“There was no real family life. Men were separated on a different floor from the women and children.

“We were held in lecture rooms. I can still picture the sea of canvas stretchers.

“Guards would come in every day to check everyone was there and we were expected to bow right down to them.”

Ms Dennis admitted that during her time at the camp, there was “nothing terribly concrete to be hopeful about” and described their rescue by United States troops as a “miracle”.

The Americans had devised a surprise evening attack in late January of 1945.

Ms Dennis closed her eyes as she recounted the horrors of their escape.

“It became quite explosive. There were lots of bombs going off and we got caught in the crossfire. The sound was deafening,” she said.

“We were all crowding into the staircase, absolutely terrified.

“Five hundred people were killed or badly maimed that night.”

They were then placed on a US troop ship that needed to travel through enemy infested water before reaching Australia.

The fear did not leave them until they safely set foot on Australian soil, with other ships in their convoy not having been so fortunate.

Ms Dennis described the feeling upon landing in Australia as being “intoxicated with joy out of our minds”.

Her younger sister had forgotten what a bath looked like.

It would not be until years later that she would discover that an order had been issued for the beheading of all prisoners of war at their camp and that a double agent had alerted US troops.

They were rescued hours before the planned execution.

Arriving in Australia at age 10, Ms Dennis could not read, write or spell and lacked a proper education.

And, despite her success in later life, she always felt as though she was “playing catch up”.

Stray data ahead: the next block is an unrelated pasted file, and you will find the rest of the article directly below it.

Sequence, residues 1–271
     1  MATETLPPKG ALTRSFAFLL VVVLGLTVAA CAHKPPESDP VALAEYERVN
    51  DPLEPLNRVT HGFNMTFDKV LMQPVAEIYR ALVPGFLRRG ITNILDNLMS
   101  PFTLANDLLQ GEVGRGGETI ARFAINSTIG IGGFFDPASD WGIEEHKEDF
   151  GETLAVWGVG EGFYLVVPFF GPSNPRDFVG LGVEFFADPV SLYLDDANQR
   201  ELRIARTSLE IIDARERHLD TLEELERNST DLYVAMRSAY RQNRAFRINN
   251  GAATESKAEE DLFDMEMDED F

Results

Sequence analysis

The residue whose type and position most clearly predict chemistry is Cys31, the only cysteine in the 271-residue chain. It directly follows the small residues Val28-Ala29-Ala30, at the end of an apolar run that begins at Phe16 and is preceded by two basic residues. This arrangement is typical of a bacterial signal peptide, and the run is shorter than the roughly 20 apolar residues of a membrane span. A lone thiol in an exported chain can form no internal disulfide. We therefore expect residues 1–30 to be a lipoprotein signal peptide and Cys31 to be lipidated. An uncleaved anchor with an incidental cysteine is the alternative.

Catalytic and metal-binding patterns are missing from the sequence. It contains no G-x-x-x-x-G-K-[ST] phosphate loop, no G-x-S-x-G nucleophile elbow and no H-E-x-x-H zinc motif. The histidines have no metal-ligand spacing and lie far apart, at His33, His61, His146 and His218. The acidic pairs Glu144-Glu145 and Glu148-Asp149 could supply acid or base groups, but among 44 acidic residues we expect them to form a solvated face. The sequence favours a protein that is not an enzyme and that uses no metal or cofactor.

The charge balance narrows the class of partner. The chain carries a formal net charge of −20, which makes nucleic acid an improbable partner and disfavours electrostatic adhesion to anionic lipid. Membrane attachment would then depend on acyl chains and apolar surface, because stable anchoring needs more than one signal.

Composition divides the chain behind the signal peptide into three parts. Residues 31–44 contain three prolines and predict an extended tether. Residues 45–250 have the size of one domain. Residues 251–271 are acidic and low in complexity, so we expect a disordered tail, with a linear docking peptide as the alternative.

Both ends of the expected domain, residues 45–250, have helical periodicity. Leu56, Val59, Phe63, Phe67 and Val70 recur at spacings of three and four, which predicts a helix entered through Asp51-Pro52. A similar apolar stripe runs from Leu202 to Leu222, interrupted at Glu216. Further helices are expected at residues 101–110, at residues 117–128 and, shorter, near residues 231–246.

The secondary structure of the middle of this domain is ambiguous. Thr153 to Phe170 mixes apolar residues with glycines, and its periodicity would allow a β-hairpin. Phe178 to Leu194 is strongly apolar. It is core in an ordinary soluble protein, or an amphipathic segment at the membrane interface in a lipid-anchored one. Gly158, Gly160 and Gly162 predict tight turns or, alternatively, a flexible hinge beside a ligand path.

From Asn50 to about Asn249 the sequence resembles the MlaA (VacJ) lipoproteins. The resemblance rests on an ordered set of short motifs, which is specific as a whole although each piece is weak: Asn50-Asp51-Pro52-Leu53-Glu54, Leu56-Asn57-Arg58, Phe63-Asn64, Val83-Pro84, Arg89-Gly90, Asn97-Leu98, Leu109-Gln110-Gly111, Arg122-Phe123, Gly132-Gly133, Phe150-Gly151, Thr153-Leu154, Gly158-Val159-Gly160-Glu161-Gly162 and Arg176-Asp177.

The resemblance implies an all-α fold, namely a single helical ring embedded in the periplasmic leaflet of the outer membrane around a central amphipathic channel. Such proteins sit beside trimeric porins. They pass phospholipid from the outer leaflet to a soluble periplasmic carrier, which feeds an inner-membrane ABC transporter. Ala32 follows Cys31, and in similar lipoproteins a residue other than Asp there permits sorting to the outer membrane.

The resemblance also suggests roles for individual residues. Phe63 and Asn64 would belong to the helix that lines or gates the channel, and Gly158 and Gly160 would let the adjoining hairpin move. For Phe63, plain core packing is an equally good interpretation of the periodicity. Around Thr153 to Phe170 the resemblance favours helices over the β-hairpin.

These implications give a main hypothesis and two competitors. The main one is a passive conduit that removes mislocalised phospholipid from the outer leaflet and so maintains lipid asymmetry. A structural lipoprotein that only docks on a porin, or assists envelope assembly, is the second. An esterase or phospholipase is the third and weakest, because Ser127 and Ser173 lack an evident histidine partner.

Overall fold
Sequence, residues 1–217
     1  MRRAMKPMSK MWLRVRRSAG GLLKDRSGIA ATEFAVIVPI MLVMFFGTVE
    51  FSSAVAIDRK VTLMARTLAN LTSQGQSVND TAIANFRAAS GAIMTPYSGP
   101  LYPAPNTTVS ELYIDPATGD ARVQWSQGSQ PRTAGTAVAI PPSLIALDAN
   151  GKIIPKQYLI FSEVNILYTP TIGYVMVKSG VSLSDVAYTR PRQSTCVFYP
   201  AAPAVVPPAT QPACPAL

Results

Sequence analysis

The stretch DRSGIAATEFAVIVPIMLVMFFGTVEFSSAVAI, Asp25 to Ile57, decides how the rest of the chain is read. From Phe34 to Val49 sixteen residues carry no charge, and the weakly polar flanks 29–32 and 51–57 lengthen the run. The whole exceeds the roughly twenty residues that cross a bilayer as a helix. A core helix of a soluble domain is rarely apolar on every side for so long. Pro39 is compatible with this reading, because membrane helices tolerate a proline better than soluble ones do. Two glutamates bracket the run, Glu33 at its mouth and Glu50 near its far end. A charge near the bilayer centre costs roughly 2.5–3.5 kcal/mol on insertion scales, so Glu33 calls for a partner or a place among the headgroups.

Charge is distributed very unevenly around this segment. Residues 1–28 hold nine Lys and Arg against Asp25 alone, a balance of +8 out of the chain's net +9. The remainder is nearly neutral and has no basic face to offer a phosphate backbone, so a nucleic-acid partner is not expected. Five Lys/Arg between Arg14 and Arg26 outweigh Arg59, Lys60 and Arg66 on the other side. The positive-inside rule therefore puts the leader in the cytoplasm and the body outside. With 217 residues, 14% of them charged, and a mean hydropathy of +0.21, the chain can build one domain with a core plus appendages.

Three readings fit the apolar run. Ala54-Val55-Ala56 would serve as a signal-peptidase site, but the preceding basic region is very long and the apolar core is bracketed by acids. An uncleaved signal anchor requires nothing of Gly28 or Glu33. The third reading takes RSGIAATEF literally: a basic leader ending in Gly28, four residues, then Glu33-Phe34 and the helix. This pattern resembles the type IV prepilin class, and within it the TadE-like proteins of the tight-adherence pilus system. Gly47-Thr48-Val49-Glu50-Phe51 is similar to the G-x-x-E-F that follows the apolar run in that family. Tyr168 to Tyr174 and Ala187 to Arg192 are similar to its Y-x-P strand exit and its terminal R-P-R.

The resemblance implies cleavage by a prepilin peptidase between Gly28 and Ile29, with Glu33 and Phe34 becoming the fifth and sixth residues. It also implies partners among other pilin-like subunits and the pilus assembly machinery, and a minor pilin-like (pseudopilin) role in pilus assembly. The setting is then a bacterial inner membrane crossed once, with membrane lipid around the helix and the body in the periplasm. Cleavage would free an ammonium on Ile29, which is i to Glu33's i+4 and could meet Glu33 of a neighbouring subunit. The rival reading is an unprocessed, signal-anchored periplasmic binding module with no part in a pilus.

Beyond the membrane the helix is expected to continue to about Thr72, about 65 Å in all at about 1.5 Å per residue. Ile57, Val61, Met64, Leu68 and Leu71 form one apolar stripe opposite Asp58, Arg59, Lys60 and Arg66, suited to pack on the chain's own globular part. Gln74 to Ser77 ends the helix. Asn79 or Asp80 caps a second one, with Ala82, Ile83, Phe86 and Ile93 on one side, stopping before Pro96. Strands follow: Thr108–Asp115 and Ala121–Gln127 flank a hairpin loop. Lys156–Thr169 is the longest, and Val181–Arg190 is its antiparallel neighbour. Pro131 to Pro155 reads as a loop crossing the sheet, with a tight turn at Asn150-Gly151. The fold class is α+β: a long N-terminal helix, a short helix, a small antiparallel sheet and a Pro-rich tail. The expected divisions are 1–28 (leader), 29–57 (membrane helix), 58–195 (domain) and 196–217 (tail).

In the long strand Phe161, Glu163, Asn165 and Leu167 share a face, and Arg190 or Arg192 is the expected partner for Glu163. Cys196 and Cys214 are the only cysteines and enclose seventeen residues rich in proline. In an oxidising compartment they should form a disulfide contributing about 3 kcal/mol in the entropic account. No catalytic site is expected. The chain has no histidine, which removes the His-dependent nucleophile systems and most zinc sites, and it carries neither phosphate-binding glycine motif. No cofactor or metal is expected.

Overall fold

Ms Dennis found herself drawn to the modelling industry and after winning the national title for the Australian Beach Girl quest in 1955, became the cover girl on the front page of many women’s magazines.

She later scored her own weekly TV segment covering women’s issues on Hal Todd’s Midday Show, a dancing role in the BBC film Vanity Fair, and TV roles in The Secret Life of Us and Something in the Air.

She first moved to Beaconsfield in 1961, seemingly living two contrasting lives – a life in the TV spotlight and life on the farm.

Not one to be idle, Ms Dennis returned to modelling at age 50, began a Jumbuk Bed and Breakfast in Yinnar at age 69 and is currently, at age 82, painting a collection of artworks.

“I have always looked forward rather than dwell on my past, but I’ve always felt grateful to be alive,” she said.

“I’ve always found challenges very stimulating and I’ve never been frightened of things that I find challenging.

“I think I’ve found that living on borrowed time will sharpen your appreciation for life.”

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Originally published at Pakenham Gazette.


About Alana Mitchelson

Alana Mitchelson is a journalist based in Melbourne, Australia. Follow her on Twitter at @AlanaMitchelson.